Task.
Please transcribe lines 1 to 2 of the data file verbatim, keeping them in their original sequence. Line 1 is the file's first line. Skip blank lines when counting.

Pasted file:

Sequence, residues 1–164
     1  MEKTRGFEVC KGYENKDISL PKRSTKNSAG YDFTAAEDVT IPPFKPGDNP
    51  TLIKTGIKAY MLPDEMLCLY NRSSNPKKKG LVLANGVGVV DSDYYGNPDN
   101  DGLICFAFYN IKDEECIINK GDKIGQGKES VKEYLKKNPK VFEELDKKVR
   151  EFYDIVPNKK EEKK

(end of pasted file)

Sequence, residues 1–164
     1  MEKTRGFEVC KGYENKDISL PKRSTKNSAG YDFTAAEDVT IPPFKPGDNP